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Motor Vehicle Law: Employer might be vicariously liable for accident caused during work hours by a remote employee

This suit arises from a motor vehicle accident in which the plaintiff alleges that the defendant was negligent and caused the collision and resulting injuries. The plaintiff also asserts a claim against the defendant driver’s employer, CBRE, Inc., alleging that CBRE is vicariously liable for the defendant driver’s negligence because the defendant driver was acting within the scope of his employment at the time of the accident. CBRE moves for summary judgment, arguing that the undisputed facts establish that the defendant driver was not acting within the scope of his employment and therefore, CBRE is not vicariously liable.

The defendant driver was employed at the time of the accident by CMRE as a project manager. His customary work location was his home in Shrewsbury, Massachusetts, where he maintained a home office. On the date of the accident, in the course and scope of his employment, the defendant driver drove his own automobile to Connecticut to attend a leadership meeting with CBRE management. The defendant driver had permission to attend the meeting via phone but chose to attend in person. The accident occurred mid-day while the defendant driver was returning home from the meeting to continue his work on behalf of CBRE. CBRE argues that the defendant driver was simply “driving home from a work meeting” and that such a drive was “clearly outside the scope of his employment.”

CBRE relies on cases that hold that traveling to and from work is not acting within the scope of employment. However, all of the cases cited by CBRE involve employees commuting before their workday began or after their workday ended. The court explains that the facts of this case are different as the defendant driver was not traveling home after completion of his workday, he was traveling back to his customary work location to continue his workday after having attended a work meeting. In other words, the defendant driver was, in the course of his workday, traveling between work sites.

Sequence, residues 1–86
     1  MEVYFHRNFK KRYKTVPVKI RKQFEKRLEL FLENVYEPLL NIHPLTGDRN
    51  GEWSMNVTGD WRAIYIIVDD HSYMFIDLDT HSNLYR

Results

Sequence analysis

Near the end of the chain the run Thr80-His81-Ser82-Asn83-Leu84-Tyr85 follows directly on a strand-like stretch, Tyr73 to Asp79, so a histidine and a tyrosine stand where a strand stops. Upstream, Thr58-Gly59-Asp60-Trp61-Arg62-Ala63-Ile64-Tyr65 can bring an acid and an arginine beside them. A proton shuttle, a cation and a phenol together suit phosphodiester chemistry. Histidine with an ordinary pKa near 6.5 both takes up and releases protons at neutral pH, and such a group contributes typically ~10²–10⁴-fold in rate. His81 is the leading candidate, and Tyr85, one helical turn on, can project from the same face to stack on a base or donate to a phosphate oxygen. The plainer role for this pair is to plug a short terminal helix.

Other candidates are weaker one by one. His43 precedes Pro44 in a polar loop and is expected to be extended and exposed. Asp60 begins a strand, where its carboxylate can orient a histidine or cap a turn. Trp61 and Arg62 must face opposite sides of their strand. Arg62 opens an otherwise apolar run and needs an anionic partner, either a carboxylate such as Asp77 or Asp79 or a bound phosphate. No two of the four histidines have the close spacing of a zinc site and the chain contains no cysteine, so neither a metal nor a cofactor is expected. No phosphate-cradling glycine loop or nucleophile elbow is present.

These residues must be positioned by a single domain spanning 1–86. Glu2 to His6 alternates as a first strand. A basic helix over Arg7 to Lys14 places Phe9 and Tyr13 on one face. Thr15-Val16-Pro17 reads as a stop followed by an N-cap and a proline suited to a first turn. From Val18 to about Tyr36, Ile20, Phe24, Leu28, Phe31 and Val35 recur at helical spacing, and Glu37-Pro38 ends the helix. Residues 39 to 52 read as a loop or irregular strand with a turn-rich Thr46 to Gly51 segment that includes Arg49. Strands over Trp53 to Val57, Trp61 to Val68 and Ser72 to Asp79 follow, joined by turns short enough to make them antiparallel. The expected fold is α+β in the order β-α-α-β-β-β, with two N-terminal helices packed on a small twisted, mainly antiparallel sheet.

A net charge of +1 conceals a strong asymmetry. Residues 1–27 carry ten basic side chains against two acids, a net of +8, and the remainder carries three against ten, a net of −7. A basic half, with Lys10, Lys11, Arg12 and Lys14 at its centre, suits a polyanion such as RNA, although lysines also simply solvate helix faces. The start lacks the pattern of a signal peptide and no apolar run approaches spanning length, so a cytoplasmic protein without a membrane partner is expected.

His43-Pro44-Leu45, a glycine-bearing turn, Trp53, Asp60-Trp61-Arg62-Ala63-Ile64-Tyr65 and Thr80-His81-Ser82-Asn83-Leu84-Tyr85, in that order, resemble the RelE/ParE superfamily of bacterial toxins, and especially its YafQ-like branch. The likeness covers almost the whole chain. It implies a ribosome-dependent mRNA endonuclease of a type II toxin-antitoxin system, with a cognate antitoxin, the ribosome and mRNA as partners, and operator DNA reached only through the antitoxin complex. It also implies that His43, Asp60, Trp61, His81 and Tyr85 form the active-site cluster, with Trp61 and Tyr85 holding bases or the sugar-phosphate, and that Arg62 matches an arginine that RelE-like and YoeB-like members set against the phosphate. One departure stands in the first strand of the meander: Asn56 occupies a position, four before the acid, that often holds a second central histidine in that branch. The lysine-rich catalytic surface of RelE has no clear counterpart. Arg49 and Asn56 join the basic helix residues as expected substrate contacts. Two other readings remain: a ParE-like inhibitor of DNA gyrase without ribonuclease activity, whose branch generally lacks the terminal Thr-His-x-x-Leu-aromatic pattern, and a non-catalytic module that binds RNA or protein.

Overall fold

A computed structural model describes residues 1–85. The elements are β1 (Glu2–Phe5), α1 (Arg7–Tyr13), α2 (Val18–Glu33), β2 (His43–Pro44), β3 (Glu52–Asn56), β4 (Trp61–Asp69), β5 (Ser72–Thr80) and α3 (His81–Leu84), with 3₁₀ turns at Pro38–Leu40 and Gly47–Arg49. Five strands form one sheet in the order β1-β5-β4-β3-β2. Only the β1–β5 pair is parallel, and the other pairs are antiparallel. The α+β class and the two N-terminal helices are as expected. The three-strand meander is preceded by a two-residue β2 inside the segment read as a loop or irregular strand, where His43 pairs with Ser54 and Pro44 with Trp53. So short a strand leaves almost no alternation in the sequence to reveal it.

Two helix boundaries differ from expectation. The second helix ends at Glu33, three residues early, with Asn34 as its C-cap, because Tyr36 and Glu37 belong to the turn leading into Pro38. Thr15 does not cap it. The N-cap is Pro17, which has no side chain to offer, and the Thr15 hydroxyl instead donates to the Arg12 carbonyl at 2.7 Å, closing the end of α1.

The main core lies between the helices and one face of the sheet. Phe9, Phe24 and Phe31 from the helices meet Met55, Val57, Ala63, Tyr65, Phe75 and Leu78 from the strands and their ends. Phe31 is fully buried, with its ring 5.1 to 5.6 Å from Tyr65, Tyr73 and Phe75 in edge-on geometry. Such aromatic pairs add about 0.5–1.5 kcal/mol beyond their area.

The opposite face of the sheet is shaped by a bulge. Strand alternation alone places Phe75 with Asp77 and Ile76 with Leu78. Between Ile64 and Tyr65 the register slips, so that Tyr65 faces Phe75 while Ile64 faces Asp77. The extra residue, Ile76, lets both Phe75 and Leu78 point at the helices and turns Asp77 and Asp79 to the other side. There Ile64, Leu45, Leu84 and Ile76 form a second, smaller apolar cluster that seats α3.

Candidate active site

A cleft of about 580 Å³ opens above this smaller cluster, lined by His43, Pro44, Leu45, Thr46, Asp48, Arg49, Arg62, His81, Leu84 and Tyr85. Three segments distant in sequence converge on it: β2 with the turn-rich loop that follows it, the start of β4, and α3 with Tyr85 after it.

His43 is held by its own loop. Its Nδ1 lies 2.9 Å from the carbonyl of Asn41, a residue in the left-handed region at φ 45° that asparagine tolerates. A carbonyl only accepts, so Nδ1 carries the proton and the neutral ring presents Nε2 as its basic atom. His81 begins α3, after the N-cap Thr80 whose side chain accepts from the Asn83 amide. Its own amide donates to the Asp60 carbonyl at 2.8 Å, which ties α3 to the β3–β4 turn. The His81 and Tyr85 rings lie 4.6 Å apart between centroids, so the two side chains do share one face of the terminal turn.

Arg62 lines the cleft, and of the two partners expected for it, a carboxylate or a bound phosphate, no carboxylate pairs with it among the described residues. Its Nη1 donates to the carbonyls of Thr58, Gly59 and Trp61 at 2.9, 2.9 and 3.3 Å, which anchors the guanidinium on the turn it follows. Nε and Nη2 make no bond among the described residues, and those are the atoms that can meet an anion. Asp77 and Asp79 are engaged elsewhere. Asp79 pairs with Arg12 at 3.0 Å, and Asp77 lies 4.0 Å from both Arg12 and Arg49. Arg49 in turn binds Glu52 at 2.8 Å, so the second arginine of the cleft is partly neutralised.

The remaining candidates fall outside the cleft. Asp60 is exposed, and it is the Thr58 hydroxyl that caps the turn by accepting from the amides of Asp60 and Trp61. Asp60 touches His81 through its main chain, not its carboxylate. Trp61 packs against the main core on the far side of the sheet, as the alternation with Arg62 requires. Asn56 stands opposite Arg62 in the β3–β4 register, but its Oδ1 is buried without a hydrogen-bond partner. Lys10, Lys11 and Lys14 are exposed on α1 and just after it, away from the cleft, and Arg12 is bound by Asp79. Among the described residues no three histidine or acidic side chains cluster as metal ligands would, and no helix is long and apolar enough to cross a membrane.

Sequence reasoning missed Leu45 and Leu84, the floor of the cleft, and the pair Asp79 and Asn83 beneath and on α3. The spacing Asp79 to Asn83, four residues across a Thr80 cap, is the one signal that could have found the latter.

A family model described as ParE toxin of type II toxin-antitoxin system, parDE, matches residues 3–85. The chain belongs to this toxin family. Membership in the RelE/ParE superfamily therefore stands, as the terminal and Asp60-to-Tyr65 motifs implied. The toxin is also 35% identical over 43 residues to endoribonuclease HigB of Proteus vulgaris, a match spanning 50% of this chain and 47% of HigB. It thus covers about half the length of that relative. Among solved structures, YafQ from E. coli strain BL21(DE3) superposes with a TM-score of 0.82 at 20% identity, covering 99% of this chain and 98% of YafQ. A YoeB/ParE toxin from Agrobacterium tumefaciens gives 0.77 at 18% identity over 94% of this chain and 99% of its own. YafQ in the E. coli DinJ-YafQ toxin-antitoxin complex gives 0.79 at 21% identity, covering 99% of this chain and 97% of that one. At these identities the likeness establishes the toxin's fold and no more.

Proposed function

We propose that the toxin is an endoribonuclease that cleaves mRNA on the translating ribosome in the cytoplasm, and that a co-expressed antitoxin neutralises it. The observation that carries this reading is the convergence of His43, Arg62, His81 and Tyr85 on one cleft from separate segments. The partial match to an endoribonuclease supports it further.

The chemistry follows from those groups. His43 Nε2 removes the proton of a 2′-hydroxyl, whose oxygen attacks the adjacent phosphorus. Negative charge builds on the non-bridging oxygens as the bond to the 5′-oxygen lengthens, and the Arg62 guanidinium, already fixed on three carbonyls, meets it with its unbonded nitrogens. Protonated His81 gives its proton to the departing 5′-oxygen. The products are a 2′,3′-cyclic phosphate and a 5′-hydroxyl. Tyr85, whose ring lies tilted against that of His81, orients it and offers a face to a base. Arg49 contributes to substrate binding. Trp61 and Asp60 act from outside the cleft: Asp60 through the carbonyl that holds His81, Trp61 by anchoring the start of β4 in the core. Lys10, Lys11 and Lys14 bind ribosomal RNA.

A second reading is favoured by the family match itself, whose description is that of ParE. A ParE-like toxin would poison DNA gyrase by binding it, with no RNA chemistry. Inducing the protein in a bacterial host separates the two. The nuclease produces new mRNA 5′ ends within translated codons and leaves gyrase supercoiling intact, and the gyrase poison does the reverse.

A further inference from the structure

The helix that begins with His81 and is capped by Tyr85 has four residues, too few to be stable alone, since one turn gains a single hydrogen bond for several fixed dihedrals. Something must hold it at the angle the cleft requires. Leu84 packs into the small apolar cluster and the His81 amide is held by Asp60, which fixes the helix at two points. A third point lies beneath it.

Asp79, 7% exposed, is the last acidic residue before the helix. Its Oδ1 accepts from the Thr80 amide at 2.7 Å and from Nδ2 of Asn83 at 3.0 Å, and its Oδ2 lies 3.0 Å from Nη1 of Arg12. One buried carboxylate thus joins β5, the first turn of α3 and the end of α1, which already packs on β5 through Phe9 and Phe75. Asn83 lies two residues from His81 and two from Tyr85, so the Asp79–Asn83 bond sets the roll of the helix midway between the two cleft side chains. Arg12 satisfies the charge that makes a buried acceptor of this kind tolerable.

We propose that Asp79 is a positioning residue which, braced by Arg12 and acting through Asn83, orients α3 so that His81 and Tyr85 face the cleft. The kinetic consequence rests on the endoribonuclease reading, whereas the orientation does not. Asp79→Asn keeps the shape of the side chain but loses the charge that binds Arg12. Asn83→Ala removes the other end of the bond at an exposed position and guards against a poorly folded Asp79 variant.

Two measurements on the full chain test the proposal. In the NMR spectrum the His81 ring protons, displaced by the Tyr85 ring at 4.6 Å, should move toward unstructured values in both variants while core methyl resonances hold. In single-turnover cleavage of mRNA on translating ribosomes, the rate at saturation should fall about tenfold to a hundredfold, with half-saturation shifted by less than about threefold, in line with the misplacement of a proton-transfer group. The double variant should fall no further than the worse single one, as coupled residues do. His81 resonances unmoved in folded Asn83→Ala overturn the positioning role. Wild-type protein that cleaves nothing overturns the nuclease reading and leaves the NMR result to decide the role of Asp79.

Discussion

The Restatement (Second) or Agency provides that an employee is acting as an agent if “(1) conduct of a servant is within the scope of employment, but only if: (a) it is of the kind he is employed to perform; (b) it occurs substantially within the authorized time and space limits; (c) it is actuated, at least in part, by a purpose to serve the master… (2) conduct of a servant is not within the scope of employment if it is different in kind from that authorized, far beyond the authorized time or space limits, or too little actuated by a purpose to serve the master.” The court states that CBRE has not met its burden to demonstrate the absence of disputed facts material to the question whether the defendant driver was acting within the scope of employment while returning to his customary, work location to finish his daily work for CBRE. CBRE has not shown that attending its leadership meeting was not work of the kind that the defendant driver was employed to perform, that his travel between worksites was outside authorized time and space limits of his employment, or that his attendance at the leadership meeting and return to his customary worksite was not actuated by a purpose to serve CBRE. The fact that the defendant driver’s customary worksite was a home office does not make his workday travel for a work meeting equivalent to commuting to work before the workday or commuting home after the work day. For these reasons, CBRE’s motion for summary judgment is denied.